7. Resume the U.S.-China Human Rights Dialogue only if transparency and participation by representatives of civil society in China are guaranteed. Any future dialogues should be open—i.e., publicly reported in full—in their agendas, their objectives, and their outcomes. The talks should be resumed only if it can be shown that real progress has resulted from the previous round.  Non-governmental human rights organizations in both countries should be invited to participate in the dialogues, to engage in parallel dialogues, or at least be sufficiently consulted and heard well in advance and afterward.

Media Contacts

Renee Xia, International Director (English and Mandarin), +852 8191 6937 or +1 301 547 9286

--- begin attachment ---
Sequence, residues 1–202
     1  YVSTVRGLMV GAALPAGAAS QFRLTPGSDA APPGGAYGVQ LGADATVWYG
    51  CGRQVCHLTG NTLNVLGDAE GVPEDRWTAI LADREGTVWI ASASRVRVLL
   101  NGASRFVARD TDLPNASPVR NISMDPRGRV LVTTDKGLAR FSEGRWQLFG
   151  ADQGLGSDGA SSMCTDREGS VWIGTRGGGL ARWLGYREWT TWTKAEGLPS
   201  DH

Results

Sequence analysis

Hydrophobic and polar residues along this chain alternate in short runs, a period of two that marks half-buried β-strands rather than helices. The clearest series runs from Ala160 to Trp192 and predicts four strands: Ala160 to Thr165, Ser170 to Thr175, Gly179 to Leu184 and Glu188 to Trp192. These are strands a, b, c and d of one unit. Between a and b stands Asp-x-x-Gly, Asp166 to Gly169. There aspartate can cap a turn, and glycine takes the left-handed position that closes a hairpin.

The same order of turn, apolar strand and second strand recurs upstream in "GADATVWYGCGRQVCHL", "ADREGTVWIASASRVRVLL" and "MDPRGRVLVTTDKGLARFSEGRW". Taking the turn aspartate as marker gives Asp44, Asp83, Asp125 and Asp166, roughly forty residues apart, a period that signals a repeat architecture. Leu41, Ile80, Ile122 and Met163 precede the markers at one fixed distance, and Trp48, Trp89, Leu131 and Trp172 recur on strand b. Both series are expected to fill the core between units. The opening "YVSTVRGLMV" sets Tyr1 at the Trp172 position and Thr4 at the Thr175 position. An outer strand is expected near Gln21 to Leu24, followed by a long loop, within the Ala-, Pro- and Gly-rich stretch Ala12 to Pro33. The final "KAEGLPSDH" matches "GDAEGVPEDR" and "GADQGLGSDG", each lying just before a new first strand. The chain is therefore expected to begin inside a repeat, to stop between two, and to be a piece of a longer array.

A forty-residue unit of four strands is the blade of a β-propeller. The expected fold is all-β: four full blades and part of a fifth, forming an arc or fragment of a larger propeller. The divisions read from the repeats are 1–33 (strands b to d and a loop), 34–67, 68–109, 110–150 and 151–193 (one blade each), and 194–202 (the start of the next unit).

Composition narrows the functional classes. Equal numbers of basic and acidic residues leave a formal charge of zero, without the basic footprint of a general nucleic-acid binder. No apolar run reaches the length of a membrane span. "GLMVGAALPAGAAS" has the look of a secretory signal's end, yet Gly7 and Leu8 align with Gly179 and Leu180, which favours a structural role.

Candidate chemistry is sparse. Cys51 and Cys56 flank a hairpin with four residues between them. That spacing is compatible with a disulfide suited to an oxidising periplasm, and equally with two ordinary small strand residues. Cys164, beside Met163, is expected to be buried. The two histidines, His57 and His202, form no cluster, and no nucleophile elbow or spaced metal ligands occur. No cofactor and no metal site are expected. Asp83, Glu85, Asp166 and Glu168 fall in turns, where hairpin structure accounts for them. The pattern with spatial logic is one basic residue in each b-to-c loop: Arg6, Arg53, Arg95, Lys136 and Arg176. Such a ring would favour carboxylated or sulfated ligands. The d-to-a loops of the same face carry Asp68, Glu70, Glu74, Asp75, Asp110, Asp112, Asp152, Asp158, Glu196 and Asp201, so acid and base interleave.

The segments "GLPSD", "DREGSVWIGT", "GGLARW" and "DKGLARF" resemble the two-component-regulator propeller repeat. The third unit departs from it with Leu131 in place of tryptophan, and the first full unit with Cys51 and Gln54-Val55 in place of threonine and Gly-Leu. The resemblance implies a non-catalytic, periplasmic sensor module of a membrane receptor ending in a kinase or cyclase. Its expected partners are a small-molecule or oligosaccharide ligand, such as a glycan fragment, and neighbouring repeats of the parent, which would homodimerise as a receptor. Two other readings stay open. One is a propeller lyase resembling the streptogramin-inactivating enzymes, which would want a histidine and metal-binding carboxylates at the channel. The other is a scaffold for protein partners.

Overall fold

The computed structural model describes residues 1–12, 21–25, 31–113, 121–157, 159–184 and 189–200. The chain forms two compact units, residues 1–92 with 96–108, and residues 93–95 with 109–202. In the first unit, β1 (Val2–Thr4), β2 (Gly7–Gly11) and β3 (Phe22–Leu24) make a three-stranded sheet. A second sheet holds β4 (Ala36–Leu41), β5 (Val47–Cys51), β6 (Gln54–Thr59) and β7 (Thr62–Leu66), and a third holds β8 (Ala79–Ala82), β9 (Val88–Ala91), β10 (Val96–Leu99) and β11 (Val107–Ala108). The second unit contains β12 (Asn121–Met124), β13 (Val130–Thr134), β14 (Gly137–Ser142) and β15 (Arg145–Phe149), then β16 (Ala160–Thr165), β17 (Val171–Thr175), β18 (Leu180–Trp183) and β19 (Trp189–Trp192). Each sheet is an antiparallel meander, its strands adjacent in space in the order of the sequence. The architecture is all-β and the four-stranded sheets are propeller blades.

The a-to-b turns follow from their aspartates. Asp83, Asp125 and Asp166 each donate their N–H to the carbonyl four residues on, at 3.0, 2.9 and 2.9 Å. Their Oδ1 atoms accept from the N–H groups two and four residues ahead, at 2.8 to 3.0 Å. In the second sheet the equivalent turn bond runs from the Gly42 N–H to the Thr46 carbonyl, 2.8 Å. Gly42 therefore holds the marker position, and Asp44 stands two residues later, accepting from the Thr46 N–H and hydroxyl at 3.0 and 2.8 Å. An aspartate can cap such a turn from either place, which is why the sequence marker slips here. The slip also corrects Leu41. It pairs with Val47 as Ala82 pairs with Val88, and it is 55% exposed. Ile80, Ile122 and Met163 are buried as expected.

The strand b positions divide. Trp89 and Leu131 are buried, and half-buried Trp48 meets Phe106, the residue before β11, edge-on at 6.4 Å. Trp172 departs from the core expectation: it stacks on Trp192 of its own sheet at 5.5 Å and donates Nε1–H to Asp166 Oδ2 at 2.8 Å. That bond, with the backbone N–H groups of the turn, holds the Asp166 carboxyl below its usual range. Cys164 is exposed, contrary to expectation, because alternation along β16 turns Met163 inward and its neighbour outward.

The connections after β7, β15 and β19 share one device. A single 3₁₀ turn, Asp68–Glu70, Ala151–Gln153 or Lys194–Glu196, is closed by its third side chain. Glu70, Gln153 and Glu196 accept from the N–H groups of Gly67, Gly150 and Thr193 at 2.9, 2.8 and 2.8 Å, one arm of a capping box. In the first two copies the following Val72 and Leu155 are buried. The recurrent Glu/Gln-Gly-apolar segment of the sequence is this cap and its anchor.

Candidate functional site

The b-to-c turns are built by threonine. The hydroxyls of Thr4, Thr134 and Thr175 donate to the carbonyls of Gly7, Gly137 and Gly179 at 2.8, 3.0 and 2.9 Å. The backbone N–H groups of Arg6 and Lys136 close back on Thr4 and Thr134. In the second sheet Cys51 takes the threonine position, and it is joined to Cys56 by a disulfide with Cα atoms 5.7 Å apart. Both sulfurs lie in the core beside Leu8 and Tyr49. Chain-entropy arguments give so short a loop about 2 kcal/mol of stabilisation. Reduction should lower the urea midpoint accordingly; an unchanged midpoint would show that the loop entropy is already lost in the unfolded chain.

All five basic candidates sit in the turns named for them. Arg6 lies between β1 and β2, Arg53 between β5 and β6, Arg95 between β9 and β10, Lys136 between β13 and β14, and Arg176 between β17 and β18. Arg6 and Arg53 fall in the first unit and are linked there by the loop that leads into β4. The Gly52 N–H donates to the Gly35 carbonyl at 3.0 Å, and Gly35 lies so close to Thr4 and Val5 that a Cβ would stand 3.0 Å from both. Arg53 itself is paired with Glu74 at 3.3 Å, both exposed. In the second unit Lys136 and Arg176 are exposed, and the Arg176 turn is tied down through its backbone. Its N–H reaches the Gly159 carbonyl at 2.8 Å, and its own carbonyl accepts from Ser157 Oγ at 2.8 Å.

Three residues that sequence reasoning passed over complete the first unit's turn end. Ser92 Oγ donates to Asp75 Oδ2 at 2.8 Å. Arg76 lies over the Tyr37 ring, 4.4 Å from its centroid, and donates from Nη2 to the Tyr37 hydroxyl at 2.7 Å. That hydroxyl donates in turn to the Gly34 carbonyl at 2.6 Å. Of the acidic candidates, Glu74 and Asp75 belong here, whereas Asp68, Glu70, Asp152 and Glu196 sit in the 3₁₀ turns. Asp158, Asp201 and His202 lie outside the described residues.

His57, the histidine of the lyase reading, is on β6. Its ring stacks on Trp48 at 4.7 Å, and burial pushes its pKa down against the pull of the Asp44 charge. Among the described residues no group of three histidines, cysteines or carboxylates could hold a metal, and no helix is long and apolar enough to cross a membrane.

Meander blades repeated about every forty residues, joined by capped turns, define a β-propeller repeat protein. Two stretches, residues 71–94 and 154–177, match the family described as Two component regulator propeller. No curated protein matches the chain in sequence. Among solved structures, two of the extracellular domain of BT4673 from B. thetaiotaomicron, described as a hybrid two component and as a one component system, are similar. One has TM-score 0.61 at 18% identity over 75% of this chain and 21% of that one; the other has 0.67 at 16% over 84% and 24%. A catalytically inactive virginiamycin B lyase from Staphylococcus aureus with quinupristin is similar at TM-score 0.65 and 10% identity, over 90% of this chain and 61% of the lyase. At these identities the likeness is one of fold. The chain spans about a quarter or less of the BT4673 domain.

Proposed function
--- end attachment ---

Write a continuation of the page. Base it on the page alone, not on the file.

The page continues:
Wang Songlian, Research Coordinator (English and Mandarin), +852 8191 1660

David Smalls, Researcher (English), +1 347 448 5285

[1]Perry Link, “China: From Famine to Oslo,” January 13, 2011, New York Review of Books, http://www.nybooks.com/articles/archives/2011/jan/13/china-famine-oslo/

[2]“Yu Jianrong is Hot,” Southern Metropolis Weekly, December 8, 2010, translated excerpts at China Digital Times,